US Air Force prepared if diplomacy with Iran fails: general
The United States has powerful bombs at the ready in the case of possible military action against Iran and work is under way to bolster their firepower, the air force chief said Wednesday, AFP reported.
General Norton Schwartz, air force chief of staff, declined to say whether US weapons -- including a 30,000-pound massive ordnance penetrator (MOP) bomb -- could reach nuclear sites in Iran that were concealed or buried deep underground.
"We have an operational capability and you wouldn't want to be there when we used it," said Schwartz, when asked about the MOP bomb.
"Not to say that we can't continue to make improvements and we are," he told defense reporters.
Amid speculation that a nuclear site dug into the side of a mountain near Qom is beyond the reach of American weapons, Defense Secretary Leon Panetta has acknowledged shortcomings with the giant MOP bomb and said the Pentagon was working to improve the explosive.
"The bottom line is we have a capability but we're not sitting on our hands, we'll continue to improve it over time," Schwartz said.
Asked about recent comments from retired senior officers that some targets in Iran are immune from US air power, Schwartz said: "It goes without saying that strike is about physics. The deeper you go the harder it gets."
But he added that the US arsenal "is not an inconsequential capability."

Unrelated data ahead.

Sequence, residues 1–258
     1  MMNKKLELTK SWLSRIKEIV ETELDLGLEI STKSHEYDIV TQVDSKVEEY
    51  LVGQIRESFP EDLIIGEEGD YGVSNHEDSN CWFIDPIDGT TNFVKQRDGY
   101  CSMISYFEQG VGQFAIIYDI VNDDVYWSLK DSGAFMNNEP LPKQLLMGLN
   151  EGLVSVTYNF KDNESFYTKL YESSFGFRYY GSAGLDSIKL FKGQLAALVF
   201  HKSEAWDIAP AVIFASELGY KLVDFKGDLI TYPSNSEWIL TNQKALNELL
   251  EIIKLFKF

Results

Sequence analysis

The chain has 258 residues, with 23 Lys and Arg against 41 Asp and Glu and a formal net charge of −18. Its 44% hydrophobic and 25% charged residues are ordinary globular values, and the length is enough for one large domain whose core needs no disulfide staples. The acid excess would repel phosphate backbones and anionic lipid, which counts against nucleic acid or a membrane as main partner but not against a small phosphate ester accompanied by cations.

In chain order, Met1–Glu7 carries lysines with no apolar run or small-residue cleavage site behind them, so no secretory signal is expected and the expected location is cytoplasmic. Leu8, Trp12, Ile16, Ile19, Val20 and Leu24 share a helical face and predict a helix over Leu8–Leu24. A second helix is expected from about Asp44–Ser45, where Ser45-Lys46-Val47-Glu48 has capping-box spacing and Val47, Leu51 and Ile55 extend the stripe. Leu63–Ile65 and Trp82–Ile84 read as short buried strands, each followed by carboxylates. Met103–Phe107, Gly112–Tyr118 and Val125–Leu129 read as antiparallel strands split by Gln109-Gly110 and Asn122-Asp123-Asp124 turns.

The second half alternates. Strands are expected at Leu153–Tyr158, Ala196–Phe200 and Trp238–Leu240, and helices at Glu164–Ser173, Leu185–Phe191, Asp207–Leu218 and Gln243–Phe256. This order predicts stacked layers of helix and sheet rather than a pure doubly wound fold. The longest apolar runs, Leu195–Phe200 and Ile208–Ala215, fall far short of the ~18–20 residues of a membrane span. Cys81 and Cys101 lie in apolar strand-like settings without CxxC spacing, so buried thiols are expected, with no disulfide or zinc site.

The former vice chairman of the Joint Chiefs of Staff, retired general James Cartwright, suggested last week that one nuclear facility in Iran could not be taken out in a bombing campaign.
Cartwright appeared to be referring to the Fordo plant built deep inside a mountain near the Shiite shrine city of Qom, some 150 kilometers (90 miles) south of Tehran.
Schwartz also declined to say whether air power would be effective against Iran's nuclear program but said that the outcome of any preemptive attack would depend on the goal of the strike.
"What is the objective? Is it to eliminate, is to delay, is to complicate? I mean what is the national security objective. That is sort of the imminent argument on all of this," he said.
"There's a tendency I think for all of us to get tactical too quickly and worry about weaponeering and things of that nature."
The general's carefully calibrated remarks coincided with a visit to Washington this week by Israel's defense minister, Ehud Barak, amid renewed speculation of a potential Israeli strike on Iran's nuclear program.